Place of detention

Spain

Country Report: Place of detention Last updated: 25/03/21

Author

Foreigner Detention Centres (CIE)

 

As already explained above in the General section on detention, there are 7 Centros de Internamiento de Extranjeros (CIE).[1] These facilities are located in Madrid, Barcelona, Valencia, Murcia, Algeciras / TarifaLas Palomas, BarrancosecoLas Palmas, and Tenerife – Hoya Fría.

Media have reported on the costs incurred by the government for the CIE of Fuerteventura. More than €4 million have been spent to maintain the facility, even though no people have been detained there since May 2012.[2] Taking into consideration these high costs and the fact that it remained empty for 6 years, the CIE was closed in June 2018.[3] However, as previously mentioned, the CIE of Gran Canaria was partially reopened in November 2019, and it has been announced that the CIE of Fuerteventura will be reopened as a reception centre for migrants under the humanitarian programme at the beginning of 2021.[4]

Police stations and CATE

Persons arriving in Spain by sea and automatically issued with detention orders are detained in police stations for a period of 72 hours with a view to the execution of removal measures. Police stations in Málaga, Tarifa, Almería and Motril are mainly used for that purpose.

As mentioned in Access to the Territory, in June 2018 the Spanish Government put in place new resources in order to manage arrivals and to carry out the identification of persons’ vulnerabilities in the first days of arrival. Specific facilities for emergency and referral include the Centres for the Temporary Assistance of Foreigners (Centros de Atención Temporal de Extranjeros, CATE) and the Centres for Emergency Assistance and Referral (Centros de Atención de Emergencia y Derivación, CAED). While CAED are open facilities, CATE operate under police surveillance and persons cannot go out until they have been identified. As reported by the Spanish Ombudsman, CATEs are not properly regulated and do not fall under specific protocols, as they are considered as “extensions” National Police stations.[5]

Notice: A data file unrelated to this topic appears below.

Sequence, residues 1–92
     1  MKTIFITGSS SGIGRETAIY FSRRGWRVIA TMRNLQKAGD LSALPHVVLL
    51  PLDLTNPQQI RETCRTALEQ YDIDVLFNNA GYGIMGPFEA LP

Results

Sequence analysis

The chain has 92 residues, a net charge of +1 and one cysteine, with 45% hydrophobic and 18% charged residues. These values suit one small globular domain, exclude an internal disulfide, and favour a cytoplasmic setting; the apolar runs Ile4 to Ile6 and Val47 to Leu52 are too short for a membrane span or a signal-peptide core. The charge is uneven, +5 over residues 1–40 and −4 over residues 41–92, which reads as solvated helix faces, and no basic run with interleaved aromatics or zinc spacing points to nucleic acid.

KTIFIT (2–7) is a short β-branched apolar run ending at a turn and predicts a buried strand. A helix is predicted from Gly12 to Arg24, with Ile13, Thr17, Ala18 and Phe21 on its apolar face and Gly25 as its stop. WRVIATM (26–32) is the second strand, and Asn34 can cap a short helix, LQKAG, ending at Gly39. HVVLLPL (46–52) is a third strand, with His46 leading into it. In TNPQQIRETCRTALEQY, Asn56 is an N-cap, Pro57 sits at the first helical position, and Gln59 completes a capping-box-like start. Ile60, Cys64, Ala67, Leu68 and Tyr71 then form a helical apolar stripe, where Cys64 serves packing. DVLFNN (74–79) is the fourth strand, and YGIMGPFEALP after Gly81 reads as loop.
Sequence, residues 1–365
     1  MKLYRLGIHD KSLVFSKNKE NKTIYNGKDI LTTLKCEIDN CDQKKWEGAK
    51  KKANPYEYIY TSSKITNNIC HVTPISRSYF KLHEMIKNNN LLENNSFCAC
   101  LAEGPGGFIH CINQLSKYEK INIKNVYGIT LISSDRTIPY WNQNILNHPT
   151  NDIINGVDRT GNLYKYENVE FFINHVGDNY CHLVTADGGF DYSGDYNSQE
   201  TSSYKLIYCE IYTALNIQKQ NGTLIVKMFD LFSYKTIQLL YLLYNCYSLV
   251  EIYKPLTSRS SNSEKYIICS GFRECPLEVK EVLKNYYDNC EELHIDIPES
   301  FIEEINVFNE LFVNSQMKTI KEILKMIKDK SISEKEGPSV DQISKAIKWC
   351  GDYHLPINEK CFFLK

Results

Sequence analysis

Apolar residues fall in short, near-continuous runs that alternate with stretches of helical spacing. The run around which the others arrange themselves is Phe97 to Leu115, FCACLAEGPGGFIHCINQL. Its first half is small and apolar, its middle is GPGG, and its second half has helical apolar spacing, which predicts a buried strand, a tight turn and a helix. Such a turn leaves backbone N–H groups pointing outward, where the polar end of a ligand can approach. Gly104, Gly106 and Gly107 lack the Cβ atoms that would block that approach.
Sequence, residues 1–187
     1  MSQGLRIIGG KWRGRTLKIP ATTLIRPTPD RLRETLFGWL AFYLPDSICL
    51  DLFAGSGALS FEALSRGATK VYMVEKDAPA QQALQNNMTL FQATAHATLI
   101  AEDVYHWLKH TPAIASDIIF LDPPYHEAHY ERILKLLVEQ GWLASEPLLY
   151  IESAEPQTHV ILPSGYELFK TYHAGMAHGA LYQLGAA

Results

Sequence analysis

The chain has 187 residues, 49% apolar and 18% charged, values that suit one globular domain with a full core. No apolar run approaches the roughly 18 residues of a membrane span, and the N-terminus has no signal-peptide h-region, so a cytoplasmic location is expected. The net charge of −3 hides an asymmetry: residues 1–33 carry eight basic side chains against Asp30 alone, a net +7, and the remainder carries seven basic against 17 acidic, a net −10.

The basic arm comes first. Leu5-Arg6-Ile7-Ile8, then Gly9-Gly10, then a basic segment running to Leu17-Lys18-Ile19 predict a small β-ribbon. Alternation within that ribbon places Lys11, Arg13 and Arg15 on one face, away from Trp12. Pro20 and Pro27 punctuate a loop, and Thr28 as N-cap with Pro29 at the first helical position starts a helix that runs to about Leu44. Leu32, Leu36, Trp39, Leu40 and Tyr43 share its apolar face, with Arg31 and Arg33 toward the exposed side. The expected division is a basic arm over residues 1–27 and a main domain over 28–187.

As reported in its 2020 Annual Report, the Spanish Ombudsman in its capacity as National Mechanism for Prevention of Torture carried out six visits to CATEs and other temporary facilities with similar purposes during 2019.[6] Regarding the CATE in San Roque (Cádiz) the Ombudsman noted an improvement of the conditions, as certain recommendations were implemented following a previous visit. This includes improvement of the infrastructure and the creation of a room to conduct private interviews with lawyers.  The Red Cross is further allowed to carry out the initial triage of migrants, so that they can be assisted by NGOs on the same day of their arrival.

Following the visits carried out in 2019, the Spanish Ombudsman in its capacity as National Mechanism for Prevention of Torture asked different CATEs to provide different statistical information; such as disaggregated data on the persons held, the number of asylum seekers and unaccompanied children, as well as the number of DNA tests and age assessment procedures carried out.[7]

 

Border facilities

Applicants at borders are also detained in ad hoc facilities during the admissibility phase and in any case for no more than 8 days. According to the OAR, operational transit zones are mainly those in Madrid Barajas Airport and Barcelona El Prat Airport, accommodating up to 200 and 10 people respectively.[8]

There is evidence of one non-admission room (Sala de Inadmisión de Fronteras) in Barcelona El Prat Airport, one room in Málaga Airport and two rooms in Terminals 1 and 4 of the Madrid Barajas Airport.[9] These rooms are owned by the public company AENA and are guarded by agents of the National Police

 

[1] For more information on CIE, see  Servicio Jesuita a Migrantes, ‘Informe CIE 2019. Diez años mirando al otro lado’, December 2020, available at: https://bit.ly/3p8aAEw, 4.

[2] El Confidencial, ‘Dos documentos oficiales elevan a más de 4 millones de euros el gasto en un CIE vacío’, 3 December 2017, available in Spanish at: http://bit.ly/2EHWW8f.

[3] El Diario, ‘Interior ordena el cierre del CIE de Fuerteventura, que ha gastado millones de fondos públicos pese a estar vacío’, 26 June 2018, available in Spanish at: https://bit.ly/2FFLWs1.

[4] Europapress, ‘El CIE de El Matorral (Fuerteventura) reabrirá en pocas semanas como centro de acogida humanitaria’, 15 December 2020, available in Spanish at: https://bit.ly/3d5xSc9.

[5] Defensor del Pueblo, ‘Informe anual 2019. Mecanismo Nacional de Prevención’, October 2020, available at: https://bit.ly/3p6qWxH, 66.

[6] Ibid., 66.

[7] Ibidem, p. 65.

[8] Information provided by OAR, 8 March 2019.

[9] Ombudsman, Mapa de los centros de privación de libertad, 5 February 2018, available in Spanish at: http://bit.ly/2EDjc30.

Table of contents

  • Statistics
  • Overview of the legal framework
  • Overview of the main changes since the previous report update
  • Asylum Procedure
  • Reception Conditions
  • Detention of Asylum Seekers
  • Content of International Protection
  • ANNEX I – Transposition of the CEAS in national legislation